The arrival of Covid-19 early last year shut down filming and upended TV production schedules, meaning the overall number of Emmy contenders has fallen.
Heavyweights like Netflix's royal drama "The Crown" managed to wrap just before lockdown, while others including Hulu's dystopian saga "The Handmaid's Tale" rushed back to set as soon as restrictions eased.
But the enforced hiatus meant popular shows like "Succession," last year's best drama winner, failed to produce a season in time for this year's awards.
That has created room for newcomers -- especially in comedy, where Michael Douglas's "The Kominsky Method" is the sole nominee from last year running again.
The race for best comedy series "is going to have so much fresh blood in it," said IndieWire's TV awards editor Libby Hill.
"When your job is to have an idea of what's going to happen, a year like this is just pandemonium."
Netflix eyes top prize
In recent years, Netflix has unseated HBO in the battle for the most nominations.
Given the streaming giant's prodigious output, that is unlikely to change this year, according to Hill, who describes premium cable channel HBO as the "niche arthouse to Netflix's megaplex."
But nominations don't necessarily translate into wins, and Netflix has somehow never won the Emmys for best drama, best comedy or best limited series.
Could that change come September?
"This is most likely The Crown's year," said Hill, with previous drama winners "Succession" and "Game of Thrones" absent, and the British royals saga delivering "a spectacular fourth season."
Netflix's cultural phenomenon "The Queen's Gambit," which sent chessboard sales soaring, is tipped to dominate the limited series awards.
Not so limited
The Emmys' limited series category -- for shows stopping after one season -- has become ever more competitive in recent years, drawing Hollywood's top A-listers to the small screen's most prestigious projects.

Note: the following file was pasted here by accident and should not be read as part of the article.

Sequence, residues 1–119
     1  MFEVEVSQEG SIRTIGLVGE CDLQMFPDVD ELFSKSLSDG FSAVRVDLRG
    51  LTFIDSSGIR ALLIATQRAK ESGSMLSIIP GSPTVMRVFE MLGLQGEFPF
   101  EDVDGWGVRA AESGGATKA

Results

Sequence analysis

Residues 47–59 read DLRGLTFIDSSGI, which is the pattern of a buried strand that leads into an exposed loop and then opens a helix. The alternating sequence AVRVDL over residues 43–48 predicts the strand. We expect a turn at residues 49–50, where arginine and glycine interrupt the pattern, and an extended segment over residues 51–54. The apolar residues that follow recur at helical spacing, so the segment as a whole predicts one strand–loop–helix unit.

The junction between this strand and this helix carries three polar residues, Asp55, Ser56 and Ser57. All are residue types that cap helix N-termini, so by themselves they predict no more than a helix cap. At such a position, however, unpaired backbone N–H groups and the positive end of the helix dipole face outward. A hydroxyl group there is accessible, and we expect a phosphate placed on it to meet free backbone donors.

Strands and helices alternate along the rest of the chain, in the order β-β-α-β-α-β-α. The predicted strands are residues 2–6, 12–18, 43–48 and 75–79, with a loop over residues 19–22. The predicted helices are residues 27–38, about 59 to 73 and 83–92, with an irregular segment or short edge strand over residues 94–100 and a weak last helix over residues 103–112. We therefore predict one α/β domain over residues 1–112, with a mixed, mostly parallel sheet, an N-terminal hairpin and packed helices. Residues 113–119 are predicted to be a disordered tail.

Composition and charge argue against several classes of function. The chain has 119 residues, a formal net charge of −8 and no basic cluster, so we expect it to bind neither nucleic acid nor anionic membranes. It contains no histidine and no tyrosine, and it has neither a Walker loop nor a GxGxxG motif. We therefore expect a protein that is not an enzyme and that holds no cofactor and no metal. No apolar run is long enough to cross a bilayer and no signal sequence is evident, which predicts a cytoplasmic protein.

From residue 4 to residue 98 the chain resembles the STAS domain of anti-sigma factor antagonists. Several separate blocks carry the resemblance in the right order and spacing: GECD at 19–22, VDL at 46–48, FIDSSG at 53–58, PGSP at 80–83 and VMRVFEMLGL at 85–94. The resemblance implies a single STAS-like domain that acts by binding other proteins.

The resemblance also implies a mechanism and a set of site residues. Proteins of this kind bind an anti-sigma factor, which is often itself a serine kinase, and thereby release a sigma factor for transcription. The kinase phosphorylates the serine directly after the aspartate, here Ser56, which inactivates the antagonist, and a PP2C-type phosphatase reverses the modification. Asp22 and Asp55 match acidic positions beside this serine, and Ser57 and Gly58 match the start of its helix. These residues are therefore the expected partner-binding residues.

This year, "The Queen's Gambit" faces formidable competition from Kate Winslet's small-town murder mystery "Mare of Easttown," and the Barry Jenkins-directed slavery tale "The Underground Railroad."
Also competing are two series delving into London's Black communities -- HBO's critically adored "I May Destroy You," which follows the aftermath of a rape, and Steve McQueen's "Small Axe" immigrant anthology.
All those limited series must fend off a new foe -- the superheroes of Marvel's "WandaVision."
The show starring popular characters from Marvel's record-breaking films, including Elizabeth Olsen's magical witch Wanda Maximoff, won legions of fans and critical praise for its quirky send-up of classic TV sitcoms.
It is not the only "genre" show gatecrashing the Emmys -- fellow Marvel series "The Falcon and the Winter Soldier" is running for best drama, alongside "Star Wars" spin-off "The Mandalorian," which earned 15 nods and seven wins last year.
"I don't think there's that inborn bias like you find in film, that divide between what's 'popular' and what's 'high art,'" said Hill.
"I think there's plenty of room for Marvel at the Emmys."
Traditional US television networks are rapidly vanishing from the Emmys conversation, but the number of streamers in play continues to multiply.
Looking to build on their launches last year, Apple TV+ is campaigning hard for "Ted Lasso" -- the hot favorite in comedy, about a hapless American football coach thrust into English soccer -- while Disney+ has "Hamilton" in addition to its superhero offerings.
Making their debuts, HBO's new sister streaming platform HBO Max has original comedies "The Flight Attendant" and "Hacks," and NBC's Peacock streamer boasts the Tina Fey-produced "Girls5eva."